ITV shares await liberation

<p>A steady-as-she-goes interim update from ITV was deemed satisfactory by investors, helping the shares rise off a 0.7% early-morning loss to a gain of 2%. […]</p>

A steady-as-she-goes interim update from ITV was deemed satisfactory by investors, helping the shares rise off a 0.7% early-morning loss to a gain of 2%.

No arguing with the solidity of ITV’s cash streams, during the third quarter:

  • 9-month total revenues up 8% to £1.803bn
  • Broadcast and online revenues +7% to £1.432bn
  • Online pay , interactive growing +24%


And key television metrics are also trending in the right direction:

  • Confident of double-digit profit growth in the full year
  • Family Net Advertising Revenues (NAR)

o   seen +1% in November

o   +1%-3% in December

o   1%-2% for Q4

o   FY seen +5%

If achieved, the complete-year revenue rise would be well ahead of the average for the UK TV market.

What more could a broadcast investor wish for?

Well, we think they could wish for quite a bit more.


ITV pay-outs are flattening

After all, ITV Plc.’s prospective dividend yield of 3.1% fairly pales in comparison with its main listed broadcasting peer, Sky with the latter on 4.12% against ITV’s 2.10%.

We think there is a degree of dividend anticipation among investors regarding the ITV yield.

The compound annual growth rate for dividends could be 13%, looking at consensus forecasts for this year and the next four (although forecast growth for 2014 is as much 21%).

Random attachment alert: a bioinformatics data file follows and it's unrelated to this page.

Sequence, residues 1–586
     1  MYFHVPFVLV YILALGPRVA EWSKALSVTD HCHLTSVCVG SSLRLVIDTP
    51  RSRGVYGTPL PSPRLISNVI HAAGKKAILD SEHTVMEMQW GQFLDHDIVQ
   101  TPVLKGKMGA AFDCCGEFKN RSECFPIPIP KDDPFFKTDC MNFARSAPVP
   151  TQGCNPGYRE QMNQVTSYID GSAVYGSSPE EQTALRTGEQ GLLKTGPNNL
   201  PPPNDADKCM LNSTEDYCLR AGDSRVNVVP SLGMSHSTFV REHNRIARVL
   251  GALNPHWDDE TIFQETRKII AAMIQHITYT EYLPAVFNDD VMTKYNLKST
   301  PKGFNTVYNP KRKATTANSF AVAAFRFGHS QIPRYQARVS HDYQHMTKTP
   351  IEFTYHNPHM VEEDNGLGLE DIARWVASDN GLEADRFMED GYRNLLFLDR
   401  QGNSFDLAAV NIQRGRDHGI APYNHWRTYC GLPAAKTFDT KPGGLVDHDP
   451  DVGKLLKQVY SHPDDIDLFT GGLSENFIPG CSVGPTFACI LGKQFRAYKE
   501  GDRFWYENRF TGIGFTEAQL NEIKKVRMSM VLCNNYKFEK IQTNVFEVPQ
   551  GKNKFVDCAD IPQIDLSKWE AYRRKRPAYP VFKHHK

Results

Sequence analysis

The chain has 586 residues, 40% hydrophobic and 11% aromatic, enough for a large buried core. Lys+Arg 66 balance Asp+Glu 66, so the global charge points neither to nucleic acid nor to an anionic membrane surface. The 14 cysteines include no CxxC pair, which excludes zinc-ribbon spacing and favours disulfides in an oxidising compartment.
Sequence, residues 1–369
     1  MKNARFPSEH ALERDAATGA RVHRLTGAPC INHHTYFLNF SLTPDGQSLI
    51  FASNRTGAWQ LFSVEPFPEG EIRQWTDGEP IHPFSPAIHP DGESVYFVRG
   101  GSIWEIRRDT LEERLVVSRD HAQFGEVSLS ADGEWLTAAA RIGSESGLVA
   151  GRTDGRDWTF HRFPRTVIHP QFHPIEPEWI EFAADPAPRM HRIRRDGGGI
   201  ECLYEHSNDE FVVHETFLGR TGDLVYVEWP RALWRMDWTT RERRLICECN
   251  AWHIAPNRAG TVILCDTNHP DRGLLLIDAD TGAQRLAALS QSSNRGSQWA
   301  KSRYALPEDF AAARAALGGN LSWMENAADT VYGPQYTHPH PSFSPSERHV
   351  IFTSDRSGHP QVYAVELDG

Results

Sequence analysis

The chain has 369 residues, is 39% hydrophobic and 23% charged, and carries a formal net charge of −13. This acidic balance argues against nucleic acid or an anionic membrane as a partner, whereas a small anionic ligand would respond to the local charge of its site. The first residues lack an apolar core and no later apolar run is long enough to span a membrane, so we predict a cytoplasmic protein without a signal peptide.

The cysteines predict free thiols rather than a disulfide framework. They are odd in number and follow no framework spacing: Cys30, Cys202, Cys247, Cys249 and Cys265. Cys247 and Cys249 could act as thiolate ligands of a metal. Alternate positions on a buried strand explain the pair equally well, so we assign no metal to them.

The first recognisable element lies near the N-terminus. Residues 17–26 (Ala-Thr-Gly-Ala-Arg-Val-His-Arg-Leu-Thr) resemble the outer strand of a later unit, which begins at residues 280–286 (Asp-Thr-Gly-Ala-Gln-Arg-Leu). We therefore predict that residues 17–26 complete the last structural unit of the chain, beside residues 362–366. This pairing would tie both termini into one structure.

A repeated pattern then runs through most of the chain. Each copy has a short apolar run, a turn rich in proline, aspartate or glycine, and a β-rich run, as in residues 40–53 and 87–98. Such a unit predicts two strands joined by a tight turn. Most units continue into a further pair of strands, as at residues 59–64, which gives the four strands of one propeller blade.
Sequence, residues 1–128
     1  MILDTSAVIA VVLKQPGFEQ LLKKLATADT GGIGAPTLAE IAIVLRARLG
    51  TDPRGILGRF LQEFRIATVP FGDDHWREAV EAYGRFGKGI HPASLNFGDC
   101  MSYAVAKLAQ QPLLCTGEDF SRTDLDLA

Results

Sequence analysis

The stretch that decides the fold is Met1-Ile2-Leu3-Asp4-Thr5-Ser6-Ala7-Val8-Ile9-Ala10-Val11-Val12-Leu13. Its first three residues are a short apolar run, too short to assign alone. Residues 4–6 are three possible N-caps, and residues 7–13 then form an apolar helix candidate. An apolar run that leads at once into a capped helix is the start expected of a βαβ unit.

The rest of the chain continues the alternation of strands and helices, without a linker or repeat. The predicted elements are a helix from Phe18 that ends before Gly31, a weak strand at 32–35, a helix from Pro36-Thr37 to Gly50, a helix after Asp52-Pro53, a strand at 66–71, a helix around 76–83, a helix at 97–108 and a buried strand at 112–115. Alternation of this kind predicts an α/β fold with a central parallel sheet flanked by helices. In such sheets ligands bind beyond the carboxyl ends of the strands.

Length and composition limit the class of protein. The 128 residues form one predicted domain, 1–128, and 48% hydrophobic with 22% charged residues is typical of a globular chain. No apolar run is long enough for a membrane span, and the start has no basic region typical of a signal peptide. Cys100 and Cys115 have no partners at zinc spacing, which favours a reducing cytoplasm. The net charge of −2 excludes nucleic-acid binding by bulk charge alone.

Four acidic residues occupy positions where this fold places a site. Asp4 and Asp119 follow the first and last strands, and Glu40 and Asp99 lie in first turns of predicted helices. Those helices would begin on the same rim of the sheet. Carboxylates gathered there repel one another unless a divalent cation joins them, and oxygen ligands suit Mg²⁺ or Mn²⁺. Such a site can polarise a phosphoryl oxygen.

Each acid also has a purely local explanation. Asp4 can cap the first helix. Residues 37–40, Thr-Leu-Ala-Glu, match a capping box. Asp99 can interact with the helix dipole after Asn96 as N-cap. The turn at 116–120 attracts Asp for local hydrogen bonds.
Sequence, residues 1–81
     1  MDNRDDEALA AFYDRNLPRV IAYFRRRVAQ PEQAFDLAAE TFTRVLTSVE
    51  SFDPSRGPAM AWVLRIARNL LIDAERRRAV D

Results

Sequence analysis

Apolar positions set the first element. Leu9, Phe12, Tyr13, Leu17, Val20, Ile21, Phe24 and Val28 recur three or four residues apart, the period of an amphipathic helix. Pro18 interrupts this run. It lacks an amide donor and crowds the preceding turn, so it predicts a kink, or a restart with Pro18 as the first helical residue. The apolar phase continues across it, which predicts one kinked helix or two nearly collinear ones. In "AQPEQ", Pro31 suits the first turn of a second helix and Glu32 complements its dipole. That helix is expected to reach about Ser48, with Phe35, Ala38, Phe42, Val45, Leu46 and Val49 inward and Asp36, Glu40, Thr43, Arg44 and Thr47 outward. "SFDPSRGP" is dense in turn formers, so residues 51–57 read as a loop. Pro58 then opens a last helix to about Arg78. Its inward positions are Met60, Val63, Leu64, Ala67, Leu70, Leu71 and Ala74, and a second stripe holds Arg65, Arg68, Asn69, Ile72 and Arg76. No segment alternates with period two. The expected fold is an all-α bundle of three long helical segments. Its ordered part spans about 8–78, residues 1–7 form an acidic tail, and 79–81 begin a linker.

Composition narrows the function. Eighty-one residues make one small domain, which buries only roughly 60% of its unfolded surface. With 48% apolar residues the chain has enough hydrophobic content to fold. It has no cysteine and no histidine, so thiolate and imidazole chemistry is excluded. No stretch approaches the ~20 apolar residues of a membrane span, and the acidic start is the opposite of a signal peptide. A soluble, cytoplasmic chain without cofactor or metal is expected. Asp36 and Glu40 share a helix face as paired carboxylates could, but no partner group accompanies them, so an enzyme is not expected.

Return on equity (ROE) is currently at just under 39% at ITV whilst Sky is returning 83%.

ITV ROE should flatten from its crises-to-recovery gradient and trend lower.



Source: Thomson Reuters


Growth forecasts still eye Liberty

We also query the price-to-earnings ratios that remain around 14-15 times within a fiscal 2013-2015 time frame.

It looks like some bid interest remains in the stock price, even though there have been none of the elliptical references to US cable giant Liberty Media of the summer for months (and no mention today).

The only operational figures which scream of surging growth are the digital ones, and these do not appear to be a major priority, yet, for CEO Adam Crozier, who made it clear he would focus this year on continuing to right-the-ship, whilst laying the ground work for growth.

Audience shares for the all channels seem close to five-year lows, despite their firmness.


ITV versus the consolidated Sky

Meanwhile, Sky’s consolidation into a larger European broadcaster (completed today) fortifies its cash flows, placing it on a better footing to tackle an increasingly consolidated broadcasting landscape by means of combined marketing spend and amalgamated purchasing power.

The best hope for continued profit growth comes from the prospect of another step in liberalisation: that ITV could begin charging for the shows it now gives to BSkyB and Virgin for free under its British public obligation.

Ofcom launched its latest review into public service broadcasting in May. It’s expected to run well into the autumn. A public consultation will follow, ending in the spring.

In the meantime, the stock will continue to act ambivalently—unless the return of real bid interest is confirmed.

Worth bearing in mind that highly-indebted Liberty became less acquisitive than usual this summer after debt agency Moody’s chided the Virgin Media owner for a set of relationships with media companies with “no material upside”.








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